Stata for Students: Reading Data from a Spreadsheet or CSV File

This article is part of the Stata for Students series. If you are new to Stata we strongly recommend reading all the articles in the Stata Basics section.

Stata can use many kinds of data files. In this section we'll talk about how to import two of the most common kinds of data files: Excel spreadsheets and CSV (comma-separated variable) files.

If you want to carry out the examples for this section, click on the following links to download a GSS sample in Excel format and a GSS sample in CSV format, then move them to your U:\SFS folder as described in Managing Stata Files. Note that these files are subsets of the full GSS results. You can get the full data set from the GSS web site.

Importing Excel Spreadsheets

Normally you tell Stata what data set you want to use with the use command, but if the data set is an Excel spreadsheet, use import excel instead. Here's an example do file:

capture log close
log using imp.log, replace

clear all
set more off

import excel using gss2014, firstrow

save gss2014_from_excel, replace

log close

When you give the filename of the spreadsheet you do not need to include .xls or .xlsx, but if you do it needs to be the right one.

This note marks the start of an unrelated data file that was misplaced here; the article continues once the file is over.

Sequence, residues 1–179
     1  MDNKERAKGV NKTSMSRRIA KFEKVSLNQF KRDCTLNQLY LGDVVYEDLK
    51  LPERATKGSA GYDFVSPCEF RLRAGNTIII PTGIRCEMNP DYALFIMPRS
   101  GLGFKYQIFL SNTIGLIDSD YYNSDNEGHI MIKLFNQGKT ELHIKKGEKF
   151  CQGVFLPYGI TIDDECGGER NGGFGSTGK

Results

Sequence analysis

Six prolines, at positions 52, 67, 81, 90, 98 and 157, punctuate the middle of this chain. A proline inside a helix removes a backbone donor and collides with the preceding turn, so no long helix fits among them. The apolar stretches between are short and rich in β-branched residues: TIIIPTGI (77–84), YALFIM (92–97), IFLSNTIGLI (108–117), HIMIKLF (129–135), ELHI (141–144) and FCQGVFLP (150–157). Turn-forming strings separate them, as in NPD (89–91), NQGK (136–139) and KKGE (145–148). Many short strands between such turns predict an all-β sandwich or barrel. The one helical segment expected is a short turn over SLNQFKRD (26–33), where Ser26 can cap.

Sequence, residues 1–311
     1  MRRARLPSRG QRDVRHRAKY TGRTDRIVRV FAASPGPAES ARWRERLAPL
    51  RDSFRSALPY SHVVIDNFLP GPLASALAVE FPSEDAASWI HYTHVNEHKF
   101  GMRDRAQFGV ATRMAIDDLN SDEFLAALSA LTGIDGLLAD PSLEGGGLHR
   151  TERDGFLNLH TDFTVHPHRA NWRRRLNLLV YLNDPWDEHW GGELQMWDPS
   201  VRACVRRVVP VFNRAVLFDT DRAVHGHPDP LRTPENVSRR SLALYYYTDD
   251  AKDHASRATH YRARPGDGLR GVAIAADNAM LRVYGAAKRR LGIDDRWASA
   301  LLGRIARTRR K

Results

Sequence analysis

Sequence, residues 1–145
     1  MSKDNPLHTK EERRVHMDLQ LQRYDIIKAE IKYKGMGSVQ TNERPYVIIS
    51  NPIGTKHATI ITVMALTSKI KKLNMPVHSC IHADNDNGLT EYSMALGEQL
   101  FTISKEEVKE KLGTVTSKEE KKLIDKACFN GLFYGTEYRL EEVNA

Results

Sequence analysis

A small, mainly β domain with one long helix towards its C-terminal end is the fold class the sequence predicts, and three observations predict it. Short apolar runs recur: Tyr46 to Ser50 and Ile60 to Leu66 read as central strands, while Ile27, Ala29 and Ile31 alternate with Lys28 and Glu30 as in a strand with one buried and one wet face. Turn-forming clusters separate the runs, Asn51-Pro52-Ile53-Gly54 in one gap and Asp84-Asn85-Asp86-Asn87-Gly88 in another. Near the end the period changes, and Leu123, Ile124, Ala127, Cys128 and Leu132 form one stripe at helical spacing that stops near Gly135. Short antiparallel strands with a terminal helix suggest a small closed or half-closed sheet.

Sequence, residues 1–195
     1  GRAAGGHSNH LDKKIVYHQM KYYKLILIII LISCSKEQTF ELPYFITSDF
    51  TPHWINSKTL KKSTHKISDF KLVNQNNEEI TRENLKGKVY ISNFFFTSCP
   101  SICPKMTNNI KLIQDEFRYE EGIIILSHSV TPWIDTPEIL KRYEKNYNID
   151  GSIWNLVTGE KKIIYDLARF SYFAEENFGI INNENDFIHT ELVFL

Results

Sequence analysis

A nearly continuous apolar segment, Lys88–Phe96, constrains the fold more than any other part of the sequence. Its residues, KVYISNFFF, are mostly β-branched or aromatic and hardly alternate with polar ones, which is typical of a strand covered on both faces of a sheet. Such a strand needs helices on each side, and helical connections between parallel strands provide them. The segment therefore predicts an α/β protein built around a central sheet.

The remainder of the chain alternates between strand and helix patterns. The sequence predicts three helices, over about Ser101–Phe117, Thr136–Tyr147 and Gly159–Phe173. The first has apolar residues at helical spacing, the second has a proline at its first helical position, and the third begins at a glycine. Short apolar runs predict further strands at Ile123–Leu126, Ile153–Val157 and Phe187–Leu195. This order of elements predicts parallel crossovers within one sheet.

The firstrow option tells Stata that the first row of the spreadsheet contains the names of the variables. Otherwise it will name the variables A, B, C, etc.

There are other options that let you specify which which worksheet to read, or to only read in part of a spreadsheet so you can skip titles or notes that aren't really data. If you have a complicated spreadsheet you might click File, Import Excel, tweak the options in the dialog box you get until it can read the spreadsheet successfully, then copy the resulting command into your do file.

Importing CSV Files

A CSV file is really just a text file, but structured so that each line of text represents one observation and each variable is separated by a comma. Hence the name, comma-separated variable file. Text files that put a specific character between variables are also known as delimited files, and the Stata command to read them is import delimited.

capture log close
log using imp_csv.log, replace

clear all
set more off

import delimited using gss2014

save gss2014_from_csv, replace

log close

The import delimited command will try to figure out whether the first row contains variable names or data, and usually succeeds. If it gets it wrong, you can specify that the first row contains variable names with the varnames(1) option.

Importing an Excel spreadsheet or CSV file takes longer than loading a Stata data set, and there's no need to repeat that process every time you analyze the data. That's why these do files simply import a data set and save it as a Stata data set. You can then write a separate do file that loads the Stata data set and carries out your analysis.

Last Revised: 6/24/2016